Would you buy metro Vancouver real estate today?
In the short term, I see some real problems deriving from the government policies that want to drive people away. Ultimately, however, I think it will continue to be a solid investment and always will be. But I can’t afford it. So I’ll be content sitting on my porch on my farm in Abbotsford. But if I could, I would.
What is the NDP getting right in regard to housing policy?
They’ve followed through on the significant billion-dollar investments that we had put in our budget in 2017 for supportive housing. I think they’re serious about that. We are hearing about potential investments in transit, and I’m a little bit concerned about that. It’s fine to talk about expanding the SkyTrain–I love it, I’ve got my Compass card. But if we’re going to invest billions of taxpayers dollars, I want to see a determined approach for densification along those very expensive transit corridors. I should’ve been more insistent upon that with my government. We would be foolish in the extreme not to insist upon that as a prerequisite to investing that amount of money. I know some neighbourhoods are going to be upset about that, but that is the price. You cannot build the SkyTrain past white picket fences.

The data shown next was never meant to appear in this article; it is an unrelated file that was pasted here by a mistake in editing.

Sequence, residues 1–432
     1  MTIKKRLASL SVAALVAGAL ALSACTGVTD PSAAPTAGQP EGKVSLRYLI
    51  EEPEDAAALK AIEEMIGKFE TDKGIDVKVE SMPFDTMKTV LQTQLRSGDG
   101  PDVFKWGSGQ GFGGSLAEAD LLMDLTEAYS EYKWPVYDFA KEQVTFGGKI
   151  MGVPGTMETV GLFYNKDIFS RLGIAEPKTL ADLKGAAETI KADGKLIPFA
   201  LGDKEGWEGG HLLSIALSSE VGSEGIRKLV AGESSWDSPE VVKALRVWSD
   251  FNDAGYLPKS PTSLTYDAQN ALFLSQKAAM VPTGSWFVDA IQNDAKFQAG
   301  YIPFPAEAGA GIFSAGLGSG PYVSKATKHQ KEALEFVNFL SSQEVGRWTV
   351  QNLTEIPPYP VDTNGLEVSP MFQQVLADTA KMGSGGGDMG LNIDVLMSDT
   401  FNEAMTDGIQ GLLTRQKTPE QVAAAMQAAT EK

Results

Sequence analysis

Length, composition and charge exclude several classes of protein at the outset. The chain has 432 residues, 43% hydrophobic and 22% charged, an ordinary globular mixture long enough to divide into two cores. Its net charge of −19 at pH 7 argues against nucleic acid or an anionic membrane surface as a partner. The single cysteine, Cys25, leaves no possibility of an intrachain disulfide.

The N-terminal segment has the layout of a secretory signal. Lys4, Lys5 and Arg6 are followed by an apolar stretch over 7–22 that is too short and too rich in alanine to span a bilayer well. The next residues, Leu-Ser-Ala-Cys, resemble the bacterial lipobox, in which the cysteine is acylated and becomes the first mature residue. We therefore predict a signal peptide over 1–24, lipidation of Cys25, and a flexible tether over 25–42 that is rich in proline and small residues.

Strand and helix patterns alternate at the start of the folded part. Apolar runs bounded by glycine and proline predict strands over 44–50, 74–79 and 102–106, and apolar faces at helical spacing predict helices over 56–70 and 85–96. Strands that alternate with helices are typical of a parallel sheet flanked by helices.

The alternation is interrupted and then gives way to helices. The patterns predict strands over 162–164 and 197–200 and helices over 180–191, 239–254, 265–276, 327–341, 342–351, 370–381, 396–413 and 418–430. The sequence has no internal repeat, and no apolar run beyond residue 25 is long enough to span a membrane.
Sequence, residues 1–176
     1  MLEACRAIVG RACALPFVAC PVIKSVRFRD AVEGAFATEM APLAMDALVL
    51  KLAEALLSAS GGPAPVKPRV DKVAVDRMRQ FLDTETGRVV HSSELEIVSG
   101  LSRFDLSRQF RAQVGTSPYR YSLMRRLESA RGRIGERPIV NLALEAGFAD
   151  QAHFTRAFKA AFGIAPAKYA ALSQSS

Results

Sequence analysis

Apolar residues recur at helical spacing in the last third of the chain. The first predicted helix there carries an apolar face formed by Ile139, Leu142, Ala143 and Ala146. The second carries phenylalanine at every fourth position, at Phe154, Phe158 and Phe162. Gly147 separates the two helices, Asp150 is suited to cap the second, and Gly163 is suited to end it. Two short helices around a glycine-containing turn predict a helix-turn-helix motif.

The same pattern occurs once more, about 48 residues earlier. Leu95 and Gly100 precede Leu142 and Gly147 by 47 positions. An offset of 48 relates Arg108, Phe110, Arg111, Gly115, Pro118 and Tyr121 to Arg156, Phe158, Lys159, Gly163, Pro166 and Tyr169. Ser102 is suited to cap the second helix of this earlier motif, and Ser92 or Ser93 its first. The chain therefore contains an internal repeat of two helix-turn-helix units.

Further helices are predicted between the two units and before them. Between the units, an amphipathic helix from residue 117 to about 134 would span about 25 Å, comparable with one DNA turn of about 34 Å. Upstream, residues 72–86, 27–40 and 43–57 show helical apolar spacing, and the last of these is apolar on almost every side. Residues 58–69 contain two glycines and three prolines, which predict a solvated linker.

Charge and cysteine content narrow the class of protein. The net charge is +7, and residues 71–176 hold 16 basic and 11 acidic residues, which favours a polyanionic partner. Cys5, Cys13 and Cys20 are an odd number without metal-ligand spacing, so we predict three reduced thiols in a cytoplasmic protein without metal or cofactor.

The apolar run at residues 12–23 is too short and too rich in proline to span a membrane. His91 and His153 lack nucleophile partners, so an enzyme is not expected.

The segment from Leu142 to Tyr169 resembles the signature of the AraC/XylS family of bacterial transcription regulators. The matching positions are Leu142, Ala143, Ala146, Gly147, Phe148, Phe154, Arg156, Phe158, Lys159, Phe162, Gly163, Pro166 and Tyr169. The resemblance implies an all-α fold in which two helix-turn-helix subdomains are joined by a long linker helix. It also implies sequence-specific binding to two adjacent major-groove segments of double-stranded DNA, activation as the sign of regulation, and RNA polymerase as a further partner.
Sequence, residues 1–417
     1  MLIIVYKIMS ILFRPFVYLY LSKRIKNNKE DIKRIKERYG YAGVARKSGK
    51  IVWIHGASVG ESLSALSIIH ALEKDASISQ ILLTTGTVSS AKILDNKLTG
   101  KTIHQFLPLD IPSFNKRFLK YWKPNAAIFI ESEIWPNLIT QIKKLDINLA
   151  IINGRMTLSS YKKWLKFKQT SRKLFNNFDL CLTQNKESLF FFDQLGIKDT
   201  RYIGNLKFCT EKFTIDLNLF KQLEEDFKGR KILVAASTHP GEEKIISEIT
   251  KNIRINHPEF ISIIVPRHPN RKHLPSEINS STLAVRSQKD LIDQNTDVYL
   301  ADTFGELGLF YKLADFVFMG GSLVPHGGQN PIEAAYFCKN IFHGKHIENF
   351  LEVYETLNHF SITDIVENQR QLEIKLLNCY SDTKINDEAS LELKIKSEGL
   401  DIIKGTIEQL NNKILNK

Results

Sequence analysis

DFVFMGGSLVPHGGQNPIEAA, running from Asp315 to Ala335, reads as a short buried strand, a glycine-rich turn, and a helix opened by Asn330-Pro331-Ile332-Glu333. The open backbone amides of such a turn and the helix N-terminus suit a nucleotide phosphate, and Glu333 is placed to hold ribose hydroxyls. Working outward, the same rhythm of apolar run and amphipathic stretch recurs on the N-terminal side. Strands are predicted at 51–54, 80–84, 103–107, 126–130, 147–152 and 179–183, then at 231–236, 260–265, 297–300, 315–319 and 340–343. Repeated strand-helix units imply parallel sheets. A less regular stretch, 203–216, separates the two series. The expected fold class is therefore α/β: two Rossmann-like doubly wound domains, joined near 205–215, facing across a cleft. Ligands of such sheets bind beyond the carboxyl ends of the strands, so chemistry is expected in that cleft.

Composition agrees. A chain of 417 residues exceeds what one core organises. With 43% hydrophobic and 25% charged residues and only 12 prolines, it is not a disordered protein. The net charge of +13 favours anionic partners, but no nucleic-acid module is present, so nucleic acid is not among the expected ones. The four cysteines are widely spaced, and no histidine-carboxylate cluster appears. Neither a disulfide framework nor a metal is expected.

Do you think the NDP did enough modelling debate analysis in regard to the current real estate policy that they introduced in February?